Haploid cells are cells that contain half of the number of chromosomes that are usually found per cell of an organism. In the case of diploid organisms, haploid cells would contain one set of chromosomes, rather than the standard two sets of homologous chromosomes.
Ploidy is the term used to refer to the number of sets of homologous chromosomes normally found per cell in an organism. There are many different types of ploidy found in nature, from diploidy to polyploidy.
- Homologous definition: When referring to chromosomes, homologous means that the chromosomes were paired at meiosis, and that the two chromosomes are similar in terms of structural features, such as size, and that they share the same pattern of genes (i.e. they have the same order and location of alleles; alleles are different forms of a gene)
“For each chromosome contributed by the sperm there is a corresponding chromosome contributed by the egg; there are two chromosomes of each kind, which together constitute a pair.” — Thomas Hunt Morgan
As a brief aside, let’s first cover a bit of background pertaining to chromosomes. Chromosomes are bundles of genetic material, called deoxyribonucleic acid (DNA), and are stored in the nucleus of each cell. Packaging the long strands of DNA into chromosomes allows all of the DNA to fit into the cell’s tiny nucleus. The DNA strands are wound up very tightly around histones, which are proteins that help to maintain the chromosome structure.
The common visual representation of a chromosome is the X-shape seen in the figure below. This shape is actually a chromosome that has copied itself and the two copies have joined together at a point called the centromere. The typical X-shaped representation of a chromosome is due to the fact that chromosomes cannot be seen even under a microscope until they have copied themselves and condensed in preparation for cell division.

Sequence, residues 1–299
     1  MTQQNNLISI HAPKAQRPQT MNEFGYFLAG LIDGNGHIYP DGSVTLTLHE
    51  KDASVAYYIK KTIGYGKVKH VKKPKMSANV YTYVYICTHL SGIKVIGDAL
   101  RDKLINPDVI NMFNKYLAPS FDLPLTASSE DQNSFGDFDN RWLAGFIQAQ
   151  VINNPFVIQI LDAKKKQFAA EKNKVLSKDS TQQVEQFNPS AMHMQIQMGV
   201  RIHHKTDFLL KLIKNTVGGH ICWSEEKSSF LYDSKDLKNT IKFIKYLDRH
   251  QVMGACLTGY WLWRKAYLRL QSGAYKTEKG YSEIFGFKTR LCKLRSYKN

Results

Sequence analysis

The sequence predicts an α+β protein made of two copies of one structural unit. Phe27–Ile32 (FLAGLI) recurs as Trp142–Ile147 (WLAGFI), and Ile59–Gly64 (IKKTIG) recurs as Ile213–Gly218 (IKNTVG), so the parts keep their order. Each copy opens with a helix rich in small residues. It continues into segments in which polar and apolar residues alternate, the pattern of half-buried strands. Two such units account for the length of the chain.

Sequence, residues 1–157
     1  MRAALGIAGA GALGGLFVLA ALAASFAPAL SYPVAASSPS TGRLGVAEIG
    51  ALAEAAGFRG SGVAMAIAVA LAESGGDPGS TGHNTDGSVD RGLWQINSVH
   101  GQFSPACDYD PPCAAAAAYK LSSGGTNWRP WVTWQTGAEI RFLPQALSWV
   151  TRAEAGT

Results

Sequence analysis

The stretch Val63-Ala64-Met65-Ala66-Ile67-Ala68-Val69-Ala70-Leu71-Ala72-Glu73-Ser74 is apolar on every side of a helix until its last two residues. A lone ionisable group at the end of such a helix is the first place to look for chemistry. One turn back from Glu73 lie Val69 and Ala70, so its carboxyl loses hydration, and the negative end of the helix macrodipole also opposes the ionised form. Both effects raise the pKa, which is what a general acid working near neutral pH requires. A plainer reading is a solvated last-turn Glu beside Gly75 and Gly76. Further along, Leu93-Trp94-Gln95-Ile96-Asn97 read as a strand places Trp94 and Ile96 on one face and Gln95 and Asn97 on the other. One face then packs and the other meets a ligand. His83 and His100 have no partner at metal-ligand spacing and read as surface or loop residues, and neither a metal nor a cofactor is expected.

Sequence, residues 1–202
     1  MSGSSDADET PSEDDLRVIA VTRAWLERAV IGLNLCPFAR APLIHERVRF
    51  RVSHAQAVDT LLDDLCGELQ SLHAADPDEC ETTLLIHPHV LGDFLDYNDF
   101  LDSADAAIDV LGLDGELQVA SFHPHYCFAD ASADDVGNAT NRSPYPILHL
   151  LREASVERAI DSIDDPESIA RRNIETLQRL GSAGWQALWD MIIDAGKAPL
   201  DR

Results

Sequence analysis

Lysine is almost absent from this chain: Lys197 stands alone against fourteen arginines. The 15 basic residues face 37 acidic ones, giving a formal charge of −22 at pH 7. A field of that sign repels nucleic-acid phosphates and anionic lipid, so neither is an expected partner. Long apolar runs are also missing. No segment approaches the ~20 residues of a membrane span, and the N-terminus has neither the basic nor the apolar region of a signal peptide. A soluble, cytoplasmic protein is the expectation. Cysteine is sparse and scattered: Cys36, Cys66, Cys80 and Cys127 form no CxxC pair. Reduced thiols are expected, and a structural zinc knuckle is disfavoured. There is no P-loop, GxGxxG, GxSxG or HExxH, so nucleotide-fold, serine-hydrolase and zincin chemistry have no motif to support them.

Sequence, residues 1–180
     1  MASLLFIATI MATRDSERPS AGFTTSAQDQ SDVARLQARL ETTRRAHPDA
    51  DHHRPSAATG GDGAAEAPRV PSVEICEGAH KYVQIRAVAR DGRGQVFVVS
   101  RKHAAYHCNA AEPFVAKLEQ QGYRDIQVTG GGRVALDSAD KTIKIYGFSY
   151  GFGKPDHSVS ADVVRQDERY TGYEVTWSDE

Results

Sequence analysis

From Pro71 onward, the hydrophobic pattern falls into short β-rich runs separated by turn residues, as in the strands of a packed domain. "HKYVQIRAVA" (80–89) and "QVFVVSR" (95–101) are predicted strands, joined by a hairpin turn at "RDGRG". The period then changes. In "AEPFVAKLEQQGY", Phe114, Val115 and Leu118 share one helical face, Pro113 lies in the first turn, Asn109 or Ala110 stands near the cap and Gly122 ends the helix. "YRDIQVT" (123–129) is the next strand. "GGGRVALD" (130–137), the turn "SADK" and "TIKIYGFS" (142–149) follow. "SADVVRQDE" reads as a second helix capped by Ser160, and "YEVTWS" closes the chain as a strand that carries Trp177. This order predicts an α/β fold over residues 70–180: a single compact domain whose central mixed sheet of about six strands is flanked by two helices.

What is the Difference Between Haploid and Monoploid?
It is easy to become confused about the difference between haploid and monoploid cells, as haploid cells are commonly associated with diploid cells and so haploid cells are said to contain one set of chromosomes. While it is true that the corresponding haploid cells of diploid cells have one set of chromosomes, this does not mean that all haploid cells have only one set of chromosomes. In other words, not all haploid cells are monoploid cells.
Monoploid cells are cells that contain one unique set of chromosomes, rather than one half of the number of chromosome sets. The chromosomes in monoploid cells do not have one or more homologous sets of chromosomes in another cell.
What are Diploid Cells?
Considering the fact that human cells are diploid cells, you may be somewhat familiar with this term. Very simply, diploid cells contain two sets of chromosomes that are homologous to one another. Both of your parents each contributed a set of chromosomes when making you, leading to each of your cells containing two sets of chromosomes. Humans have forty-six chromosomes, with twenty-three chromosomes from the mother and twenty-three chromosomes from the father. The only cells found in the human body that are not diploid cells are the gametes, which are haploid cells.
Examples of Haploid Cells